Thursday, August 15, 2019
Arthur MillerÃ¢â¬â¢s finest work Essay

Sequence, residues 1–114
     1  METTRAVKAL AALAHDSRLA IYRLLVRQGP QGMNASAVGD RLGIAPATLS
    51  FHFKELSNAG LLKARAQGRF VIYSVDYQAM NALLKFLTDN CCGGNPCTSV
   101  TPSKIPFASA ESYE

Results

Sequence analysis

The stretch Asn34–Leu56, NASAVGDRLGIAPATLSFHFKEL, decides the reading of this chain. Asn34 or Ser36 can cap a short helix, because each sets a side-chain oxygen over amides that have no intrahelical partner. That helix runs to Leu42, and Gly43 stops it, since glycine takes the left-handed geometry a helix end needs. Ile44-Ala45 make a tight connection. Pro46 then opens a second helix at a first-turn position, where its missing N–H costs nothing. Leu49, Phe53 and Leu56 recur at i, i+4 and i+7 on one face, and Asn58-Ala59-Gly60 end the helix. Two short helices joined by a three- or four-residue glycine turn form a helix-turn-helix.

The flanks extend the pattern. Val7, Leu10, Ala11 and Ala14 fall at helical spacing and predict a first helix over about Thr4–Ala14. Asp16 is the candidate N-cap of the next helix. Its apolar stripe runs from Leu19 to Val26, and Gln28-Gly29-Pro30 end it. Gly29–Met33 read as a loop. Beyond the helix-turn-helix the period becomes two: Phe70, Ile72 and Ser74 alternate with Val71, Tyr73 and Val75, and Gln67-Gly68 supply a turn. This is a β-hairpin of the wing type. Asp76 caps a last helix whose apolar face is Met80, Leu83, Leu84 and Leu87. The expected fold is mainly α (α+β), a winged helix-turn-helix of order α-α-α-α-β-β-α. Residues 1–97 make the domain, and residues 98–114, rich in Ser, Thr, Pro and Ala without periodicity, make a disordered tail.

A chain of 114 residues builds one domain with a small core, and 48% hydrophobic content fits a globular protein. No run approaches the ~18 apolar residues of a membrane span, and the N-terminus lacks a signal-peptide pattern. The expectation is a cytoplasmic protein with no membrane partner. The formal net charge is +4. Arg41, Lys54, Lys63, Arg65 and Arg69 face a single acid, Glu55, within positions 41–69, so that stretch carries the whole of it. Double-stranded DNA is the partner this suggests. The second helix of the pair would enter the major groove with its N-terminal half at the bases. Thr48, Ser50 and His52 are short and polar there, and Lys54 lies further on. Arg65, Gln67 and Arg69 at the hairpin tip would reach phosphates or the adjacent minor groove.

The Crucible was written in 1952, and is considered to be Arthur MillerÃ¢â¬â¢s finest work not only because of the captivating story and impressive dramatic techniques but also because of the subtle parallels it draws with the events of the time. In the USA in the 1950s, the country was terrified of communism. This prompted the McCarthy era, in which anyone suspected of holding communist views or sympathies could suffer nasty consequences, including losing their job, or being excluded from certain places. The play is set in 1692 in Salem, Massachusetts during the height of the mass hysteria surrounding witchcraft. At the start of act three, Martha Corey is accused of reading fortunes. In this scene, we get a good look at each of the court officials. Both Hathorne and Parris are desperate to be part of the proceedings. Hathorne repeatedly calls for witnesses to be questioned or held in contempt, only to be ignored by Danforth. This shows the audience that HathorneÃ¢â¬â¢s opinions mean nothing, but it also shows us the power Danforth wields, not only over the population of Salem, but also over his own partners. There are many moments in the play when Hathorne and Parris get ignored or disrespected by Danforth, but early on in act three Hathorne asks Giles Corey Ã¢â¬ËAre you gone daft, Corey? Ã¢â¬Ë Corey replies Ã¢â¬ËYouÃ¢â¬â¢re not a Boston judge yet. YouÃ¢â¬â¢ll not call me daft! Ã¢â¬Ë This shows the difference in standing between the two men, as Danforth would never stand for being scolded in such a way. Reverend Parris is shown similar disrespect by Danforth, as he is continually interrupted. This is also done by Giles Corey when he cuts Parris off mid-sentence and says Ã¢â¬ËI am asked the question, and I am old enough to answer it. Ã¢â¬Ë This is also the first time in the act we see HaleÃ¢â¬â¢s attitude begin to waver. When Danforth refuses to hear CoreyÃ¢â¬â¢s evidence Hale pleads Ã¢â¬ËExcellency, he claims to have hard evidence for his wifeÃ¢â¬â¢s defence. I think that in all justice you must-Ã¢â¬Ë He is then cut off by Danforth.